Categories

Willie Vicarage, suffering facial wounds in the Battle of Jutland 1916 Naval Battle was one of the first men to receive facial reconstruction using plastic surgery. Doctor Harold Gillies created the "tubed pedicle" technique that used a flap of skin from the chest or forehead and swung it into place over the face. The flap remained attached but was stitched into a tube, keeping the original blood supply intact and dramatically reducing the infection rate.

20 Gnarly Old School War Wounds

medicalcodingschools.net

Graphic Image - WWI Trench warfare exposed soldiers to a vast increase in head and facial injuries, leading to tremendous advancements in plastic surgery and facial reconstruction. However, not all surgeries were successful www.uterinefury.c...

Graphic Image - WWI Trench warfare exposed soldiers to a vast increase in head and facial injuries, leading to tremendous advancements in plastic surgery and facial reconstruction. However, not all surgeries were successful www.uterinefury.c...

Graphic Image - WWI Trench warfare exposed soldiers to a vast increase in head and facial injuries, leading to tremendous advancements in plastic surgery and facial reconstruction. However, not all surgeries were successful www.uterinefury.c...

Graphic Image - WWI Trench warfare exposed soldiers to a vast increase in head and facial injuries, leading to tremendous advancements in plastic surgery and facial reconstruction. However, not all surgeries were successful www.uterinefury.c...

Graphic Image - WWI Trench warfare exposed soldiers to a vast increase in head and facial injuries, leading to tremendous advancements in plastic surgery and facial reconstruction. However, not all surgeries were successful www.uterinefury.c...

Wounded soldier from WWI

  • Linda Merz

    It is beyond the unthinkable what these men survived. I study interpersonal violence. As many articles have stated- the human face is the conduit of our very identity and humanity no matter how ordinary or beautiful. It's destruction has the power to negate our sense of self, personality identity, and connection with the interpersonal world of our making. The power of war to destroy these constructs is perhaps war's most insidious consequence.

Graphic Image - WWI Trench warfare exposed soldiers to a vast increase in head and facial injuries, leading to tremendous advancements in plastic surgery and facial reconstruction. However, not all surgeries were successful www.uterinefury.c...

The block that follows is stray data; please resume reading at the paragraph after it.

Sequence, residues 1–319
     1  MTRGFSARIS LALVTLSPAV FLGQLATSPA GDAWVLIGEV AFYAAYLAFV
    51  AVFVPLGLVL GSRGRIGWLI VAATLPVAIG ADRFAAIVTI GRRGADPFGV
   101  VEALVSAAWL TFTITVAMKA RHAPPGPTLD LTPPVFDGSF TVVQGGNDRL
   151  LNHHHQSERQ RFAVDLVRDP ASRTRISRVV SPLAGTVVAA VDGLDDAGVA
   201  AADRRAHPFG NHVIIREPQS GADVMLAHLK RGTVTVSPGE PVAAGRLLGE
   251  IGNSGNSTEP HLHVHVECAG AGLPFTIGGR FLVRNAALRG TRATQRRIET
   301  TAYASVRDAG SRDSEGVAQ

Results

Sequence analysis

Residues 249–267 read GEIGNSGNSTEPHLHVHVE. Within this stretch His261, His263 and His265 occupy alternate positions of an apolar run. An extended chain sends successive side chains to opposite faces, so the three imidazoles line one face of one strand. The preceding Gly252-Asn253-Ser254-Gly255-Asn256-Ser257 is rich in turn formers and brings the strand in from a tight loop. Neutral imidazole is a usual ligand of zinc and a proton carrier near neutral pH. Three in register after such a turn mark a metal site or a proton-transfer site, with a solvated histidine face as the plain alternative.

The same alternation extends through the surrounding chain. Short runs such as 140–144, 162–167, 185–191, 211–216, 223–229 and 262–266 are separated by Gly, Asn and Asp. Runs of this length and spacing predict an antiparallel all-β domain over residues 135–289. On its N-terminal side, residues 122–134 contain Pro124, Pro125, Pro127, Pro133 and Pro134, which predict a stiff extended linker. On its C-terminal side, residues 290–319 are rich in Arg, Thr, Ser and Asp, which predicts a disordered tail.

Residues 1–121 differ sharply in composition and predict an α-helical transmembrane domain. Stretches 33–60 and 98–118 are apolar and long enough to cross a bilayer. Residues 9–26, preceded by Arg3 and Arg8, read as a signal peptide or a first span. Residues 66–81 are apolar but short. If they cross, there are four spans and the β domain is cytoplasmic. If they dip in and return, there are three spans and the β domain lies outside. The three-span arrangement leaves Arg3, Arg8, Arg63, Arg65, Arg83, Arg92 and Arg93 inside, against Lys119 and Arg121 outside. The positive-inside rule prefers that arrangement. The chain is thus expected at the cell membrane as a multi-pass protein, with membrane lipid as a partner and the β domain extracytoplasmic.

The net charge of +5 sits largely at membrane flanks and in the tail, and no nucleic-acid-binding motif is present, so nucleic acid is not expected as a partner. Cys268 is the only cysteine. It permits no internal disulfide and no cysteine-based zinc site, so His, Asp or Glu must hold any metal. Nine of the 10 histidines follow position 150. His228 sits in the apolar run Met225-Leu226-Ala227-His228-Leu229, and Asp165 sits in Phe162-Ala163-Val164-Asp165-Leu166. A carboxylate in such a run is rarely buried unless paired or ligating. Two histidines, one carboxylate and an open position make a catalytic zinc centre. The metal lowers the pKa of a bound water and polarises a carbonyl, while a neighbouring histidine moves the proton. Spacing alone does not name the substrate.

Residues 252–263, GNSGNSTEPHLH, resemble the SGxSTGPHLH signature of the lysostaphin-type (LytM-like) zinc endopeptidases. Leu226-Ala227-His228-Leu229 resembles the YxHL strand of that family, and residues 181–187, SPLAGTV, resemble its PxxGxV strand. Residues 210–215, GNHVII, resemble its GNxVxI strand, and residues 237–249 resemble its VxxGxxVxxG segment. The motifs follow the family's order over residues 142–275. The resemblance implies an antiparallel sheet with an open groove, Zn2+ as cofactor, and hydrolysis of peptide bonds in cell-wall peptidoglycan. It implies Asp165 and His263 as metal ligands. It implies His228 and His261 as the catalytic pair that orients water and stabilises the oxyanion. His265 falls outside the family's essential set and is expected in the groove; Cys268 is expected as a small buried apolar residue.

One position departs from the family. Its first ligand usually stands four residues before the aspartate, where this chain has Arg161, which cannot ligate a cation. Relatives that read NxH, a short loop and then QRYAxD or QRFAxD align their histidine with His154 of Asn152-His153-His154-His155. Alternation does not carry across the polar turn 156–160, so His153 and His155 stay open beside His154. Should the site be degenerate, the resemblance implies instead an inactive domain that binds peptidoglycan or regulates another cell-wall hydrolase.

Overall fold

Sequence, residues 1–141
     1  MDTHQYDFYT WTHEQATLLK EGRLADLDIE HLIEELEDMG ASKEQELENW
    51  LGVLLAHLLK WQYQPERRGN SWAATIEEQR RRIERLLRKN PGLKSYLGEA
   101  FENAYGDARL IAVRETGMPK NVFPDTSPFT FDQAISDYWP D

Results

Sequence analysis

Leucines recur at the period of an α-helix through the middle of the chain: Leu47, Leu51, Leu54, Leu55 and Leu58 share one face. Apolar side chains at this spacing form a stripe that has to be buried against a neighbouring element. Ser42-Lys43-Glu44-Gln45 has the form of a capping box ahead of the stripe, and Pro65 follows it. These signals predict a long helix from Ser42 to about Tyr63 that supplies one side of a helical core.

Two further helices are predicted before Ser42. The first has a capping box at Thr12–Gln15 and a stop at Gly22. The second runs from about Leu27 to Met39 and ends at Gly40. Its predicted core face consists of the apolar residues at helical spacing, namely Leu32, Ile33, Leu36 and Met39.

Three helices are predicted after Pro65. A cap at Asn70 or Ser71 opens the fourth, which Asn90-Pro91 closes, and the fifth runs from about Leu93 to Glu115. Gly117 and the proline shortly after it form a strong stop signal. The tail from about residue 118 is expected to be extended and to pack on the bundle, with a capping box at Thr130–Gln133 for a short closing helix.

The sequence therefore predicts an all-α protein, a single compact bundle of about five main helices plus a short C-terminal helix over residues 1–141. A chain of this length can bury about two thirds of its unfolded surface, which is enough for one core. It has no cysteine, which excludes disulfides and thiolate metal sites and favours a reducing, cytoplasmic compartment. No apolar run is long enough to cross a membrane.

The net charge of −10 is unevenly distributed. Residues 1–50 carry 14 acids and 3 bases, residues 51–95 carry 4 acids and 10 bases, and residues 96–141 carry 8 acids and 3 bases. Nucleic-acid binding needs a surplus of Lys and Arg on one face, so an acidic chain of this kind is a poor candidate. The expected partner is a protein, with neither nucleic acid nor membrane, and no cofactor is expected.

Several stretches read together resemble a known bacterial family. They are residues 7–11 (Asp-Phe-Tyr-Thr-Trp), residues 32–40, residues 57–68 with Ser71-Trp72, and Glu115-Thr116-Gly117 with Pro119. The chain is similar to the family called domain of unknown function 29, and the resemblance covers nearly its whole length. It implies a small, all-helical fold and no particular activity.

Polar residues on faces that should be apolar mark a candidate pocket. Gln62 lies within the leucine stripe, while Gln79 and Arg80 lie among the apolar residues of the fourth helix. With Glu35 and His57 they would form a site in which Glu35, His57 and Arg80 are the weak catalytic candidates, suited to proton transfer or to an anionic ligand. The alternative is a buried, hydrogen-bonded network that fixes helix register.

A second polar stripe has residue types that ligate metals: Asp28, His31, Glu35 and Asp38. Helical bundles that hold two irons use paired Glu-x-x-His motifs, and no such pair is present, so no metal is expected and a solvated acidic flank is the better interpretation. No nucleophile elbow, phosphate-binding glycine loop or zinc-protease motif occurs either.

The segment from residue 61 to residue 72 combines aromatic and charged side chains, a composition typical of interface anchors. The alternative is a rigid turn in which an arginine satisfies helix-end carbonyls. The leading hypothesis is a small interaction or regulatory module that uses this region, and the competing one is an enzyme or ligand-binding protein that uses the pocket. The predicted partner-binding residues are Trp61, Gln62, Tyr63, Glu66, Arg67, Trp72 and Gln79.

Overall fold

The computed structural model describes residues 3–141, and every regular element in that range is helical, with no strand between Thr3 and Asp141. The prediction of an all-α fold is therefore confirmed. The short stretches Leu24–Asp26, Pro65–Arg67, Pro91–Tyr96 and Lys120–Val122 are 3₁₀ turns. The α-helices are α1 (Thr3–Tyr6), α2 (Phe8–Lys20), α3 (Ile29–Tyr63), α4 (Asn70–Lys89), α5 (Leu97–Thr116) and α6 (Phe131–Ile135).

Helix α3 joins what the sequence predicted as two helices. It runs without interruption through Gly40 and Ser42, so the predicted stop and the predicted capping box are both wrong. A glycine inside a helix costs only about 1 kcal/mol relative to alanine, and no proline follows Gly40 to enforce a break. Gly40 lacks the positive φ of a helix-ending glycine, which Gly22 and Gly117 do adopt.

Graphic Image - WWI Trench warfare exposed soldiers to a vast increase in head and facial injuries, leading to tremendous advancements in plastic surgery and facial reconstruction. However, not all surgeries were successful www.uterinefury.c...

  • Darillyn Starr

    I had a hard time choosing a photo to make this comment on! It is hard to look at these, even in black and white. I can't imagine the horror of these facial injuries. It is fascinating that so much was learned about reconstructive surgery during The Great War. I wonder how many of these horribly disfigured boys were really thankful for what was done for them. I mean, I am sure they appreciated the fact that there were people who were willing to work to try to give them a future. But I would bet that many took their own lives, at some point it time. On the other hand, I'm sure there were others who rose above it, had family and others who were able to get beyond what they looked like and maintained meaningful relationships. Probably some went on to raise families. I wish we knew their names and their histories, so we had something to remember them by besides these horrifying photos.

Wounded soldier from WWI with prosthetic face made from tin www.gilliesarchiv...

Loss of nose due to an injury, and replacement by a finger in 1880 we-make-money-not...

Victim of the trenches

Four views of facial reconstruction after a war wound, July 1916. www.superstock.co...


Spot something interesting?
You can save any Pin for later. All you have to do is sign up!
45 seconds
to sign up (free!)
25+ Billion
Pins to explore